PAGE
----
by Teeka Tiwari | November 26, 2009 12:52 pm
Crude oil’s recent break below the $78 per barrel level could foreshadow lower oil prices, but the real reason I’m bearish on black gold is the U.S. dollar.
The dollar has taken a beating, yet crude was not able to mount a rally on the most recent dollar weakness. That should be a red flag for investors.
Oil is typically hypersensitive to movements in the U.S. dollar. If you look at the oil stocks — both the producers and the oil-service players — they are currently on a “sell” and are going lower.
This points to two probable scenarios: Either the smart money thinks that the U.S. dollar will rally, or (and more likely in my opinion) the global recovery won’t be as robust as advertised.
If you want to see the future, you need to look to China. And what we are seeing over there doesn’t bode well for the rest of us.
Much of our recovery is being driven by Asian growth. This growth story looks to be imperiled, at least over the short term.
It appears that China’s central planners are getting concerned about the pace of China’s economic growth and are taking steps to curb that growth.
The most troubling measures being considered are the rumored new banking rules that will require banks to raise their capital ratios to 13%.
This acts like an anchor on economic growth, as banks are forced to either slow the pace of their lending or else raise gigantic sums of new money.
So far, the 13% number has been denied by one of the big Chinese state banks, but that wasn’t enough to stave off a 3.5% sell-off the night of Nov. 23. The market knows that there is a good chance we will see China impose strict lending curbs just as it did back in 2007.
We’re also seeing Brazil (another engine of growth) attempt to slow down investment in its country via the introduction of higher transaction taxes.
Why is this important?
Emerging market demand is THE story behind oil’s momentous move higher.
If the emerging market economies are consciously taking steps to slow their growth, how can this not negatively impact crude oil prices?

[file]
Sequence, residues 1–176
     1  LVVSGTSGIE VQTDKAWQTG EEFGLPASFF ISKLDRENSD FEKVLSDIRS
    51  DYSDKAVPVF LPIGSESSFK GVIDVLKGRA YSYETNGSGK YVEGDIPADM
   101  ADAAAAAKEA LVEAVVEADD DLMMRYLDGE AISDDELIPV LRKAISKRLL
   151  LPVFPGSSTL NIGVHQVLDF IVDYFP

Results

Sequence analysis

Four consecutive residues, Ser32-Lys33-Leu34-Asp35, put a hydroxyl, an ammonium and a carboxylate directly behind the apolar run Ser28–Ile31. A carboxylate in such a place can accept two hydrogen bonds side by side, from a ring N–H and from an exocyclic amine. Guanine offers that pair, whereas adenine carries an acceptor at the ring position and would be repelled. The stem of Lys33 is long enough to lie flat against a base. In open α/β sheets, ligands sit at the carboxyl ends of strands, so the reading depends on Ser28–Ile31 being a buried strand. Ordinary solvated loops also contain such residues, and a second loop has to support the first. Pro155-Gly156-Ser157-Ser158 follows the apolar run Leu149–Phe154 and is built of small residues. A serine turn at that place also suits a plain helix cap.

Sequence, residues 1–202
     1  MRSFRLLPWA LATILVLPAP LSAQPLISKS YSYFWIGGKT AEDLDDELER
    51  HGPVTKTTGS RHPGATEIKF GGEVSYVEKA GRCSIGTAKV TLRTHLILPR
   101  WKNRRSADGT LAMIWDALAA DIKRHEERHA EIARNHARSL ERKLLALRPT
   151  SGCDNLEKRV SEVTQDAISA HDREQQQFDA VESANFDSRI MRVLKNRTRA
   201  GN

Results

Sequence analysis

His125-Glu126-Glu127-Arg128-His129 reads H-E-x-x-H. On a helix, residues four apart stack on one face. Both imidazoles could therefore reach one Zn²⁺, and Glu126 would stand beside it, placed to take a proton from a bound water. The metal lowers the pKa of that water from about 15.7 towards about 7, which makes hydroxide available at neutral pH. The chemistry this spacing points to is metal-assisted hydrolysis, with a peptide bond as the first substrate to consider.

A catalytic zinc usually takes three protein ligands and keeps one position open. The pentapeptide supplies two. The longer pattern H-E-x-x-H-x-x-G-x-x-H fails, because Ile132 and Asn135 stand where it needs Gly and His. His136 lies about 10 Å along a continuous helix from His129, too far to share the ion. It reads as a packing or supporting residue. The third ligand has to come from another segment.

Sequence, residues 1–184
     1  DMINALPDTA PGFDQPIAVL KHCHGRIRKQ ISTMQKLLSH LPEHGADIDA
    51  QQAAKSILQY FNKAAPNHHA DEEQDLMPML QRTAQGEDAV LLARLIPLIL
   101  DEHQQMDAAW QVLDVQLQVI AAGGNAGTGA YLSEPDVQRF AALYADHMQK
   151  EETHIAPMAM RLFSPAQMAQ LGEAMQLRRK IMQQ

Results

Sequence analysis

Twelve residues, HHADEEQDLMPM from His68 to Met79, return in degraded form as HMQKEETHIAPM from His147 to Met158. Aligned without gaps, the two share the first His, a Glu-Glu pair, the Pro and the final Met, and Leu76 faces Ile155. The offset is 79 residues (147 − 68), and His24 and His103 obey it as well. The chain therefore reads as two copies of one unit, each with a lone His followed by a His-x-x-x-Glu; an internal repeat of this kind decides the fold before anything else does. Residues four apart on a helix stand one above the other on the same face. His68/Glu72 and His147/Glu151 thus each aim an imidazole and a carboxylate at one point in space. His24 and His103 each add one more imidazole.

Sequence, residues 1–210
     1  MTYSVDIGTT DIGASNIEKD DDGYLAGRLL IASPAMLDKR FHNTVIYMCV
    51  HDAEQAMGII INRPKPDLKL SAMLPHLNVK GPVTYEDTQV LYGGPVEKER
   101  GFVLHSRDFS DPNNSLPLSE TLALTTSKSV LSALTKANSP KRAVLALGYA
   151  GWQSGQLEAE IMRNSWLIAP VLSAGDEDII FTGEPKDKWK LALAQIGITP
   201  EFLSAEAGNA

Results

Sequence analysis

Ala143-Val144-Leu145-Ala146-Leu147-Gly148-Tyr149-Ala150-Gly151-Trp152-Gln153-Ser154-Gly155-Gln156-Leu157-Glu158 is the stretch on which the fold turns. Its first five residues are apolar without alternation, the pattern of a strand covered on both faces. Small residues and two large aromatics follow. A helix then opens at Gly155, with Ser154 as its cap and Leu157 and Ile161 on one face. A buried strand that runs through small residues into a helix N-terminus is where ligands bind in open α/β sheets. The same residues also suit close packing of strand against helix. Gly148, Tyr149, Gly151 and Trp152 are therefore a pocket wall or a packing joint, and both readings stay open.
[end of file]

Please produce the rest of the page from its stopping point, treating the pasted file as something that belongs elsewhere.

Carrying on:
It’s going to take a move above $83 to get me to cover my oil shorts and get me bullish on crude again. In the interim, it looks like a terrific short on any kind of strength.
I prefer to short crude directly in the futures market. (Learn how to trade commodity futures.) But if the idea of trading futures fills you with fear and dread, don’t worry!
Instead, you can use an exchange-traded fund (ETF) to play oil prices. My favorite oil ETF is the PowerShares DB Oil Fund (DBO).
Commodity ETFs have been having a tough time dealing with contract roll spreads (i.e., selling their front-month contracts and purchasing the next month’s contract), and that has been messing with their performance.
DBO has been doing a much better job managing its contract rolls than the more widely known U.S. Oil Fund (USO), the latter of which was investigated by the Commodity Futures Trading Commission (CFTC) earlier this year for a “roll” it did back in February.
Avoiding challenges with their “rolls” is why I would suggest staying away from USO and using DBO if you’re looking for an oil ETF to play.
For now I would short DBO with put options, but it’s also a good ETF to go long when the time comes to be bullish on crude again.
Source URL: http://investorplace.com/2009/11/short-oil-with-oil-etfs-us-oil-fund-uso-vs-powershares-db-oil-fund-dbo/
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